Hello again! Happy Friday!
One of the top questions I receive from clients regarding their tax situation is:
“How does the IRS know how many miles I drive during the year, and can I just estimate a mileage number?”
The IRS knows the numbers of miles a taxpayer drives during the year based on the Odometermileage number represented on a tax return. They are very specific in regards to the mileage record requirements, and taxpayers are expected to maintain minimally adequate records. Estimating mileage at tax time is never a good practice and can result in the IRS disallowing your entire mileage deduction.
What are minimally adequate records in the eyes of the IRS, you ask; basically the who, what, when, why and where (i.e. John Doe, lunch, 8:00am, discuss potential business venture, Uncle Sam’s Steakhouse) ?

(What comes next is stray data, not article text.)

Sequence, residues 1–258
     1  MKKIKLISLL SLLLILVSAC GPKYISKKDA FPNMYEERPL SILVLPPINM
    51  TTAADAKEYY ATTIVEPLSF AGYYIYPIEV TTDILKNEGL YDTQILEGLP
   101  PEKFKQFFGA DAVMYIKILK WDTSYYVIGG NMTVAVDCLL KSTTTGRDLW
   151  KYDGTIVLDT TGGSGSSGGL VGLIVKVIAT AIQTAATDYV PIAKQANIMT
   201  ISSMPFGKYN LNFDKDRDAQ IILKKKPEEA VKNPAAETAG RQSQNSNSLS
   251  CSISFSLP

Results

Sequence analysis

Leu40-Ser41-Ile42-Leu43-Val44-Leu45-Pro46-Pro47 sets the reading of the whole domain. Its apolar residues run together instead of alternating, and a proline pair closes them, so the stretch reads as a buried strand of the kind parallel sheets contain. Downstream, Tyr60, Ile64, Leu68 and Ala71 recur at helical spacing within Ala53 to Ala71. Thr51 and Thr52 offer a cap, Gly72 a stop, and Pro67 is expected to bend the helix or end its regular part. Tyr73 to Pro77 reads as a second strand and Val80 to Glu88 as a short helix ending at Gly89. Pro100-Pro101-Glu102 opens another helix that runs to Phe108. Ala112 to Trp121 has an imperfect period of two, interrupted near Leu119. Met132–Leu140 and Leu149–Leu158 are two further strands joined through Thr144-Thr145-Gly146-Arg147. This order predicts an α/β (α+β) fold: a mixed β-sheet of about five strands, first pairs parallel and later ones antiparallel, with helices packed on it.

- Record your beginning and end of year odometer readings.
- How far did you go? Your mileage segregated by business, commuting, and personal driving other than commuting.
- When did the business trip take place? The dates and time range of your business trips
- Where did you go for the business trip and/or who did you meet? Destination/location of the business trip and/or name of person you are meeting.
- What was the purpose of the business trip?
Record keeping can be as simple as maintaining a handwritten mileage log with the information above, or by stepping into the technology age and using one of the numerous apps available to track mileage. Most of the apps even have GPS technology and will do everything for you except list the specific details of the business travel!
We hope you find this information beneficial and enlightening, and thanks for stopping by and reading!
“Estimating mileage at tax time is never a good practice and can result in the IRS disallowing your entire mileage deduction.”
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